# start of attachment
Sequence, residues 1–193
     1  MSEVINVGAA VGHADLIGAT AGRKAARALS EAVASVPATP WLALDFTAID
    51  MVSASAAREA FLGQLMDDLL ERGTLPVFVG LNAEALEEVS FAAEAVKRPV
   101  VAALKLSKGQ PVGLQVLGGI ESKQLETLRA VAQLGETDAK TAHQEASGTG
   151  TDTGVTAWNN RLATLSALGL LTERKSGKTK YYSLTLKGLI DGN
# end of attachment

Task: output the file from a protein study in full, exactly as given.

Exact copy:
Sequence, residues 1–193
     1  MSEVINVGAA VGHADLIGAT AGRKAARALS EAVASVPATP WLALDFTAID
    51  MVSASAAREA FLGQLMDDLL ERGTLPVFVG LNAEALEEVS FAAEAVKRPV
   101  VAALKLSKGQ PVGLQVLGGI ESKQLETLRA VAQLGETDAK TAHQEASGTG
   151  TDTGVTAWNN RLATLSALGL LTERKSGKTK YYSLTLKGLI DGN